The decision of the Board affirmed the findings and decision of the administrative law judge except with respect to the issues of sham bargaining and remedy. The Board found that the administrative law judge failed to consider the transcript of a September 8, 1975 speech of the company's president, which had been admitted into evidence. After quoting selectively from ten short paragraphs of the speech, which covers 50 pages in the appendix, the Board concluded, "Thus, Respondent (the company) repeatedly stated that it intended to engage only in sham bargaining and force the employees into a position where they had to strike." Finding this "threat of sham bargaining" a section 8(a)(1) violation, the Board stated that it disagreed with the finding of the administrative law judge that the unfair labor practices "were not serious enough to prevent the holding of another election."


In its petition for review the company contends that the union never established that it had a majority within the bargaining unit. There were 288 eligible employees and the administrative law judge found that 156 had signed authorization cards. Though the company contends the evidence relied upon to authenticate a number of the cards was not sufficient, the record does not support its position. There could be no disagreement as to what the clear language of the cards authorized. Those who signed them indicated their choice of the union as their collective bargaining representative. There was no evidence which required a finding that employees were told the cards were just to secure an election or that any inducements were offered which violated the rule set forth in N.L.R.B. v. Savair Manufacturing Co., 414 U.S. 270, 94 S.Ct. 495, 38 L.Ed.2d 495 (1973). The finding that the union represented a majority of the employees on or about July 9, 1975 is affirmed.


The company also contends that the Board erred in finding it guilty of any unfair labor practices. Though the evidence on which some of the findings were based is marginal, we conclude that each of the section 8(a)(1) violations found by the administrative law judge and affirmed by the Board is supported by substantial evidence. We conclude, however, that the finding of the Board, in disagreement with the administrative law judge, that the company threatened to engage in sham bargaining is not supported by substantial evidence when the entire record is considered.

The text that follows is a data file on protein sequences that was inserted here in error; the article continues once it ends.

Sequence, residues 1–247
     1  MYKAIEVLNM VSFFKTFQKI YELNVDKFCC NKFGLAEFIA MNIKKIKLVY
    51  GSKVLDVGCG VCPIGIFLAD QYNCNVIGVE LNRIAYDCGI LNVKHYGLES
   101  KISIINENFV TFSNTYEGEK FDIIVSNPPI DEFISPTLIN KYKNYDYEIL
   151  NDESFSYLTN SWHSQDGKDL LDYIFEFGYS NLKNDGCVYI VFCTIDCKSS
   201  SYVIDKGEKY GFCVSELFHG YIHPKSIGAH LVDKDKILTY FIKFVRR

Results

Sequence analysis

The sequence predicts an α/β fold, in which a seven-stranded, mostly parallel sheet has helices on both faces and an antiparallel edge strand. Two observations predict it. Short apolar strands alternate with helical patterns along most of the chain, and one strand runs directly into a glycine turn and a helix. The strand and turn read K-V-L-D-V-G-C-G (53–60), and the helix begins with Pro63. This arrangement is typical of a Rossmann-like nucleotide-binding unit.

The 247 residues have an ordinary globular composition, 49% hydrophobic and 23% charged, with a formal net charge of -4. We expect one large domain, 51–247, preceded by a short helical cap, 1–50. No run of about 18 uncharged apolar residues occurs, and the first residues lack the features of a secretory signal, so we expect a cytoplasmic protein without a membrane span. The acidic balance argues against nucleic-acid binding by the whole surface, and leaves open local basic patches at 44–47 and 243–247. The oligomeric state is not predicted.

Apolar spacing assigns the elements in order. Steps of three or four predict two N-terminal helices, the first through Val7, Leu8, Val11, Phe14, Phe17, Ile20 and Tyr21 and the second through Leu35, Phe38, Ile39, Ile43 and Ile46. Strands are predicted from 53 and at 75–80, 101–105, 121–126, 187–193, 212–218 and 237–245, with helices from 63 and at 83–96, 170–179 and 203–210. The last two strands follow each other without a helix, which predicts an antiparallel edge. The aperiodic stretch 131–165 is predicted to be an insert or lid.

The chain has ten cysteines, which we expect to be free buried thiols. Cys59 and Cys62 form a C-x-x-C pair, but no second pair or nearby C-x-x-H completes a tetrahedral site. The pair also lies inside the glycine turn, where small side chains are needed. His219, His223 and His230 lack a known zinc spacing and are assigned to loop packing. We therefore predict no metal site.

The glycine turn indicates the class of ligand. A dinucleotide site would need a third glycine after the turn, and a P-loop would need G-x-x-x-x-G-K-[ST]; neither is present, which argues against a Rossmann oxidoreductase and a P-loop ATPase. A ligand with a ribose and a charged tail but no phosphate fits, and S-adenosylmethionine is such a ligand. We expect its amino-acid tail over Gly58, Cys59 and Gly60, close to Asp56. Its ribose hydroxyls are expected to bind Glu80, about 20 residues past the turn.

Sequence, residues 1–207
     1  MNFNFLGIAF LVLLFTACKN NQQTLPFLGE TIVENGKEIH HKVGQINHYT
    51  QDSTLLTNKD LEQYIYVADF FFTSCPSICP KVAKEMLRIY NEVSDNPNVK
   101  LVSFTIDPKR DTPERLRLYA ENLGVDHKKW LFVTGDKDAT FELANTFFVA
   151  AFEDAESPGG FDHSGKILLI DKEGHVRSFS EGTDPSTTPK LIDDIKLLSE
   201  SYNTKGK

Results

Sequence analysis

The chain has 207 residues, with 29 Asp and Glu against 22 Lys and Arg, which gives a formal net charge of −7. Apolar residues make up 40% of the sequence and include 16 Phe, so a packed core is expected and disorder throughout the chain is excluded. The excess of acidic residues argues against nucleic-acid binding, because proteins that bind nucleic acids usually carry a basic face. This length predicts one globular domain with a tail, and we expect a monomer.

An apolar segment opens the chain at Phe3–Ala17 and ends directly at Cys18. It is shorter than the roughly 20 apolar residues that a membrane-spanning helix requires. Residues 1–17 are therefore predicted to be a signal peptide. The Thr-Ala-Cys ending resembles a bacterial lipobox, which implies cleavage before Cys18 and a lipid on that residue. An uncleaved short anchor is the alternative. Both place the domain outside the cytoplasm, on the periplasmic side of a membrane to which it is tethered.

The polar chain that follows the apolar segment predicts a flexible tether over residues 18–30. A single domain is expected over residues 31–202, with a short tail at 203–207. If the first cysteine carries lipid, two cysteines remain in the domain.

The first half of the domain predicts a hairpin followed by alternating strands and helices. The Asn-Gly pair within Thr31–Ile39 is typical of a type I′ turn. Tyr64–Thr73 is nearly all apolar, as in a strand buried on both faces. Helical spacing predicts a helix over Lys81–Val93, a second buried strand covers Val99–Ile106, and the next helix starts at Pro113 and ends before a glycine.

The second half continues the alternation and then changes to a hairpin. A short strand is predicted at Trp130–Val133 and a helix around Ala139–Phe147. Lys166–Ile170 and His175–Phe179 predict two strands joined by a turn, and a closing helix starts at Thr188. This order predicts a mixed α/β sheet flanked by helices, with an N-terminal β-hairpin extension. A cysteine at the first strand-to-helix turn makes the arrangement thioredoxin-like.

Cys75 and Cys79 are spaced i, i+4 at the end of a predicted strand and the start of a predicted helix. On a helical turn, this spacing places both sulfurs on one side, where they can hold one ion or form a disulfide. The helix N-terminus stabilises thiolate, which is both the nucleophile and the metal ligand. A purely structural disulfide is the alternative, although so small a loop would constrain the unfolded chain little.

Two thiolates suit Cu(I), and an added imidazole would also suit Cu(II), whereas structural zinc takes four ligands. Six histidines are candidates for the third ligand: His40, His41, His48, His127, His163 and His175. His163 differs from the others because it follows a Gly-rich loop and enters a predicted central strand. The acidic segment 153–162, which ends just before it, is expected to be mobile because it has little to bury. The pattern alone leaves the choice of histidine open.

It is the position of the General Counsel of the Board and of the union, which appeared as intervenor, that the record demonstrates conclusively that the administrative law judge did not consider the transcript of the company president's speech to the employees and their spouses on September 8, 1975. This deduction is based on the fact that the administrative law judge described the evidence of sham bargaining as "nebulous, vague, (and) indirect," and that he referred to witness testimony about the speech in his opinion. This argument overlooks several significant portions of the opinion of the administrative law judge. In calling the evidence "nebulous, vague, indirect" the administrative law judge was clearly referring to union claims based on "the totality" of the record, not on the September 8th speech alone. Among the items included in this "totality," the administrative law judge specifically identified "the extended speeches to assembled employees and the unending writings handed to each of them." On the other hand, in dealing with the September 8th speech, he showed a familiarity with its content and used at least one verbatim quotation from it. It is clear that the administrative law judge considered the transcript of the speech. However, he also dealt with the employees' perception of the speech and referred to testimony from these sources. This was a relevant consideration since it was claimed that the speech was intended to interfere with the right of employees to organize by telling them in advance that there would be no good faith bargaining by the company. N.L.R.B. v. Gissell Packing Co., supra, 395 U.S. at 619, 89 S.Ct. 1918. It is interesting that several witnesses remembered that the speaker affirmed the company's duty to negotiate in good faith.